“All presidential nominees say the same thing, that they’re going to pick the one most qualified to be president,” says Jules Witcover, longtime Washington journalist and author of The American Vice Presidency: From Irrelevance to Power. “But how often do they do it? Not that often.” The idea that the running mate could ascend to the presidency is often a throwaway line (“a heartbeat away”) but seldom explored in too much depth. “There have been too many cases where irresponsible choices have been made,” Witcover says. He finds it particularly appalling that George H.W. Bush, who had nearly ascended to the presidency when Ronald Reagan was shot less than three months after taking office, picked a running mate in Dan Quayle who seemed so unready to lead the nation. “To me, [it] was astonishing” that the possibility of his running mate becoming president wouldn’t weigh heavily in making his choice.
Then there’s Sarah Palin, whose selection reflected more poorly on John McCain than anything else he did in 2008. It wasn’t merely the fact that Palin turned out to be a spectacular nincompoop; McCain might be forgiven for not having realized that in advance. What really shocks is the minimal thought he put into the selection. A man approaching his 72nd birthday might have considered seriously the idea that his vice president would have a good chance of being thrust into command of the federal government. Yet he selected a 44-year-old with zero experience in Washington who had been governor of Alaska for barely a year and a half.
Not only that, McCain made the selection with what appeared to be little or no deliberation. Up until the few days before the selection, when a phone call and meeting were hastily arranged, his contact with Palin had consisted of one 15-minute conversation at a meeting of the National Governors Association. “By the time he announced her as his choice,” Jane Mayer reported later in The New Yorker, “he had spent less than three hours in her company.” By all indications, Palin was selected because the campaign was facing the prospect of defeat and she seemed like a dynamic, unusual figure who could shake up the race—which she certainly did, at least for a while. How she might help McCain govern was an afterthought, if that. Just a month before McCain plucked her from her frozen tundra of obscurity, she had told an interviewer: “I still can’t answer that question until somebody answers for me. What is it exactly that the V.P. does every day?”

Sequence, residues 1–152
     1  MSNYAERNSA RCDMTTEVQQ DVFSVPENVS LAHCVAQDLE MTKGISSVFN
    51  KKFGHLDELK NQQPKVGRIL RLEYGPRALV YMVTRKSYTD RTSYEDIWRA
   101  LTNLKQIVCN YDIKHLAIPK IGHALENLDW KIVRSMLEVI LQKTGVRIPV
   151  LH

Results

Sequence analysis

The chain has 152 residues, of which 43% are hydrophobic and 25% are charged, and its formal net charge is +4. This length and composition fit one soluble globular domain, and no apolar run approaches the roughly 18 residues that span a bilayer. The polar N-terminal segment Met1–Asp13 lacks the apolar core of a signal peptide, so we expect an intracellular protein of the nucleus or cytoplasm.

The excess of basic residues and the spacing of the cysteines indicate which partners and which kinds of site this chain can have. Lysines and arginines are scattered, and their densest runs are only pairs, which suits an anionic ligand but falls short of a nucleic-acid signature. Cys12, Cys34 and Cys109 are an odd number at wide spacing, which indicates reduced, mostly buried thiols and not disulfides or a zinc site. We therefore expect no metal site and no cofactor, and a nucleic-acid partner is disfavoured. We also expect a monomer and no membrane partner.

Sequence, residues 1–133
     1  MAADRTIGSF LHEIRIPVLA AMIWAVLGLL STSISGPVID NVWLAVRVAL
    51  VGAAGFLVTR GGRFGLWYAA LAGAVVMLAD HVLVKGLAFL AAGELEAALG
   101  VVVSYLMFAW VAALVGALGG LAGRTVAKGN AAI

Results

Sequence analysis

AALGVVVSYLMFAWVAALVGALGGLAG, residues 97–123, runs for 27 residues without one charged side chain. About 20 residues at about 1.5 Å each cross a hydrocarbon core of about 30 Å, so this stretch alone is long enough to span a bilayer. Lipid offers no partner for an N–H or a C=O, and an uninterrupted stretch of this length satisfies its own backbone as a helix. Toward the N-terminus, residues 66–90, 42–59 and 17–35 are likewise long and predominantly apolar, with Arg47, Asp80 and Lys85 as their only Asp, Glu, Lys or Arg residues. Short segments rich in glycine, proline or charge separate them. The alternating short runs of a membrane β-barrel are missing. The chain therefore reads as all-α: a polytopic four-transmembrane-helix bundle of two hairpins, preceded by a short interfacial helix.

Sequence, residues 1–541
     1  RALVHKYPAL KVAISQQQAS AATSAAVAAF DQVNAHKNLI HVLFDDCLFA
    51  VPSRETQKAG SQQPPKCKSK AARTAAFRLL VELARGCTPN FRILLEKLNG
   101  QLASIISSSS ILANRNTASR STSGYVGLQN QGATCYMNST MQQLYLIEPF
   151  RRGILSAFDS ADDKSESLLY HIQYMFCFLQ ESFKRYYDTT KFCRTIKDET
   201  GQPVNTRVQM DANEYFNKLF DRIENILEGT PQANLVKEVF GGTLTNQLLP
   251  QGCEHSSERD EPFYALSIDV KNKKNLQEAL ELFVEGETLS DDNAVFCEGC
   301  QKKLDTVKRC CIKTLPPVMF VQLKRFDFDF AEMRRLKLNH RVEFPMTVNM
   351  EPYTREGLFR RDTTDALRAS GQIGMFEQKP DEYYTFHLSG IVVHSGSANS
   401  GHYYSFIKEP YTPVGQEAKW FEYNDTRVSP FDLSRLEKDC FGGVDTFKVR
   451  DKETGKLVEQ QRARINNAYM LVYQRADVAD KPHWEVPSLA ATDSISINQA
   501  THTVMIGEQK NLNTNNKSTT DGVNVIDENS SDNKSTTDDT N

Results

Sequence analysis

It’s to Barack Obama’s credit that when he chose Joe Biden as his running mate, the selection was unlikely to affect his prospects for victory much at all. Biden had waged two failed presidential runs, and on the stump was more likely to make a string of head-shaking gaffes than bring in some large number of votes. He hailed from Delaware, both tiny and reliably Democratic, so that wouldn’t make a difference. But Biden turned out to be an unusually good choice. Not only have the two men developed a strong personal relationship, but Biden has effectively performed many tasks that have gone largely unnoticed by the public.
Secretary of Housing and Urban Development Julian Castro speaks at the 2016 Legislative Conference of North America's Building Trades Unions in Washington, Tuesday, April 19, 2016.
For example, one of the great unsung accomplishments of Obama’s tenure is the 2009 Recovery Act, in which the administration not only stopped the economy’s bleeding, but also successfully distributed $787 billion in a relatively short time with barely any of that famous “waste, fraud, and abuse” everyone talks about in Washington—not to mention no major corruption scandals. Biden oversaw and coordinated that implementation. As Michael Grunwald writes in his book about the law, The New New Deal, in the two years after it was passed, Biden “would convene twenty-two cabinet meetings on the Recovery Act, more than the president would convene on all topics, and visit fifty-six stimulus projects. He’d host fifty-seven conference calls with governors and mayors, and spend countless hours checking in, buttering up and banging heads to keep the cash flowing. He’d speak about the stimulus with every governor except Sarah Palin, who abruptly resigned to pursue a career in punditry and reality TV before he had a chance. He’d also block 260 Recovery Act projects that didn’t pass his smell test.”